A systematic review highlights the need to investigate the content validity of patient-reported outcome measures for physical functioning in patients with low back pain

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Objectives: To summarize the evidence on content and structural validity of 17 patient-reported outcome measures (PROMs) to measure physical functioning in patients with low back pain (LBP). Study Design and Setting: MEDLINE, EMBASE, CINAHL, PsycINFO, SportDiscus, and Google Scholar were searched (February 2017). Records on development and studies assessing content validity or unidimensionality in patients with LBP were included. Two reviewers defined eligible studies and assessed their methodological quality with updated Consensus-based Standards for the Selection of Health Measurement Instruments standards. Evidence was synthesized for three separate aspects of content validity: relevance, comprehensiveness, and comprehensibility, and for unidimensionality, a modified GRADE approach was applied to evidence synthesis. Results: High-quality evidence showed that 24-item Roland Morris Disability Questionnaire (RMDQ-24) is a comprehensible but not comprehensive PROM. Low to very low quality evidence underpinned the content validity of the other PROMs. Unidimensionality was: sufficient for Brief Pain Inventory pain interference subscale (moderate quality evidence); inconsistent for RMDQ-23, Oswestry Disability Index 2.1a (ODI 2.1a), and Quebec Back Pain Disability Scale (moderate quality); insufficient for RMDQ-24, ODI 1.0, and RMDQ-18 (high quality) and Short Form 36 physical functioning subscale (SF36-PF, moderate quality). Conclusion: The content validity of PROMs to measure physical functioning in patients with LBP is understudied. Structural validity of several widely used PROMs is problematic.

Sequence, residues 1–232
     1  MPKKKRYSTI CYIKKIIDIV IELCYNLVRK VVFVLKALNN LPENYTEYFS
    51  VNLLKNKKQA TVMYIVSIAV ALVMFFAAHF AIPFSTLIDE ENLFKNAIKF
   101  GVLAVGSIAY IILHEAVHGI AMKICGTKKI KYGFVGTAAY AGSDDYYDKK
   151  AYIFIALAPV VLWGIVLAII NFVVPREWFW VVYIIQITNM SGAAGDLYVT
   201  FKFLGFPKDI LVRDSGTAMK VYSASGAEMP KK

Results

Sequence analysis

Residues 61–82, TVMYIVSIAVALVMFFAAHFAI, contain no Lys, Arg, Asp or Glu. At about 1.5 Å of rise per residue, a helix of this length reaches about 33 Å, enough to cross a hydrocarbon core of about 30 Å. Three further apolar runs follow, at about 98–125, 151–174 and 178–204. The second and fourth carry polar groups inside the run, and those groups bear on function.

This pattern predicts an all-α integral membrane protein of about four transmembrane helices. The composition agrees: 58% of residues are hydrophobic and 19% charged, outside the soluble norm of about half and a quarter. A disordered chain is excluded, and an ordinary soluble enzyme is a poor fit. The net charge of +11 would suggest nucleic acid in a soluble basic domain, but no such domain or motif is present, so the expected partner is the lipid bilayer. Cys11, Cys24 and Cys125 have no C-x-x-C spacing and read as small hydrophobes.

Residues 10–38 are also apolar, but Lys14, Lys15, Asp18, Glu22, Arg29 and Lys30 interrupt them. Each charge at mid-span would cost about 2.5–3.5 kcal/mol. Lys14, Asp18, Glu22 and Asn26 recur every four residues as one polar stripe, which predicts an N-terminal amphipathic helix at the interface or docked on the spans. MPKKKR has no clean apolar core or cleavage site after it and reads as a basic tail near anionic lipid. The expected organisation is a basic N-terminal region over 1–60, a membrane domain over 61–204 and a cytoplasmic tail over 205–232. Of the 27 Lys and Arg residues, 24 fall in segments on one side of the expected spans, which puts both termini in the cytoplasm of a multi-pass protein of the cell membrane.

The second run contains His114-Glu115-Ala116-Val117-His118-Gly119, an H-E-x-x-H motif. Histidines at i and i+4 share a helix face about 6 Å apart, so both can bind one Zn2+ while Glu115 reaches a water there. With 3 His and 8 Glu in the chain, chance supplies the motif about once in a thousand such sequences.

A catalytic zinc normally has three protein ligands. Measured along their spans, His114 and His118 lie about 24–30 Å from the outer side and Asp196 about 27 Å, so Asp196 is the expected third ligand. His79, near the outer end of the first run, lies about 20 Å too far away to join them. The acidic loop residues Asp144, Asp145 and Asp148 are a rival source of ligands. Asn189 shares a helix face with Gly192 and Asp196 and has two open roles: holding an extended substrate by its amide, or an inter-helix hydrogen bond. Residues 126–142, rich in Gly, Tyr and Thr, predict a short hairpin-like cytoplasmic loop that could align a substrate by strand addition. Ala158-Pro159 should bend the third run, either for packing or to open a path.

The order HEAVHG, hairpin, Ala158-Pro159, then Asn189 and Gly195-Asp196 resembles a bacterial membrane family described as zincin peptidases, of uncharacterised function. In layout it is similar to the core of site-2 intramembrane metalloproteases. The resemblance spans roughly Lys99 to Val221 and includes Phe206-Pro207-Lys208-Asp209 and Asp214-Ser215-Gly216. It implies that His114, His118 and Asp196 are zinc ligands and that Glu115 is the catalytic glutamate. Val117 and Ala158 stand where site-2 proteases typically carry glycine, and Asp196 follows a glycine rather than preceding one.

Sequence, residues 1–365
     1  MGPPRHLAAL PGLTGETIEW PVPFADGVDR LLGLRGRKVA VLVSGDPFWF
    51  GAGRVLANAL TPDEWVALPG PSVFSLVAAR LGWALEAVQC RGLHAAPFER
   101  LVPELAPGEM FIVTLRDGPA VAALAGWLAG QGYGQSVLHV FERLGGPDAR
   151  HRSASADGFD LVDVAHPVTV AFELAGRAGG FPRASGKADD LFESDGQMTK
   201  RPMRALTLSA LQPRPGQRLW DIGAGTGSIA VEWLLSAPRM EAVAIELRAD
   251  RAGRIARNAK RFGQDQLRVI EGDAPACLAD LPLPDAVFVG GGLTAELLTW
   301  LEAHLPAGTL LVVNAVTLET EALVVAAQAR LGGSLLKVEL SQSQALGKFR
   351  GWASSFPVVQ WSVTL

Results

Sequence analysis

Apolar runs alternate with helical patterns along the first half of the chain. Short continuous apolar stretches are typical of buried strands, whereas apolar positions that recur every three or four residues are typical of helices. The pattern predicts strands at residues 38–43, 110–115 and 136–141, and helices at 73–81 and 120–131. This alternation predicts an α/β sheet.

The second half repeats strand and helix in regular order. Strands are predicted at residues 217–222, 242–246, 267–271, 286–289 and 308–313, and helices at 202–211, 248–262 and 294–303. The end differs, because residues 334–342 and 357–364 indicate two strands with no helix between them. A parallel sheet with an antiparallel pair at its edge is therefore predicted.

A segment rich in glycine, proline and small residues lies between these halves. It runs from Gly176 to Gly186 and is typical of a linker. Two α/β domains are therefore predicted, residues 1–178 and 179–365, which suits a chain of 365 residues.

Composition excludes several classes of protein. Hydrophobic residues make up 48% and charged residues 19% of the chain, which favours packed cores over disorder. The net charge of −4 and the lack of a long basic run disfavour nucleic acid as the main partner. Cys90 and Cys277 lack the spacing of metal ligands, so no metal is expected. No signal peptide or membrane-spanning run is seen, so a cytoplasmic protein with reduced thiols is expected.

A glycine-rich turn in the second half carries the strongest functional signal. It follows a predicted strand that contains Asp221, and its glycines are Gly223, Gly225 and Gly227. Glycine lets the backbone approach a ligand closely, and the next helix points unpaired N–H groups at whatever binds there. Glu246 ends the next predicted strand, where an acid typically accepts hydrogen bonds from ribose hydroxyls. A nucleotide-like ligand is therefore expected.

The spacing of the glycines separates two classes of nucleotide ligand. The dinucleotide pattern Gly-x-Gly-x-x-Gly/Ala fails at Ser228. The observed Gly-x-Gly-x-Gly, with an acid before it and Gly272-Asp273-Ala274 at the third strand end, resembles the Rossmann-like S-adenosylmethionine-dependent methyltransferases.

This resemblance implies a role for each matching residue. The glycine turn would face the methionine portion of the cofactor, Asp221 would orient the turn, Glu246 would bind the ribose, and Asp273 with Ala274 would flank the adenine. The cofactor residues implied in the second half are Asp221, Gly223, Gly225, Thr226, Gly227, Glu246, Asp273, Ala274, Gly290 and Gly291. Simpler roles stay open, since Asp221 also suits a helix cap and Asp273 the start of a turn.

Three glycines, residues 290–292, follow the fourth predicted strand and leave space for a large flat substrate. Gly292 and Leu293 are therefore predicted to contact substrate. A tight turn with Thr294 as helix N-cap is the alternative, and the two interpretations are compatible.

Original languageEnglish
Pages (from-to)73-93
Number of pages21
JournalJournal of Clinical Epidemiology
Early online date14 Nov 2017
Publication statusPublished - Mar 2018


  • Content validity
  • Journal Article
  • Low back pain
  • Patient-reported outcome measures
  • Physical functioning
  • Review
  • Unidimensionality

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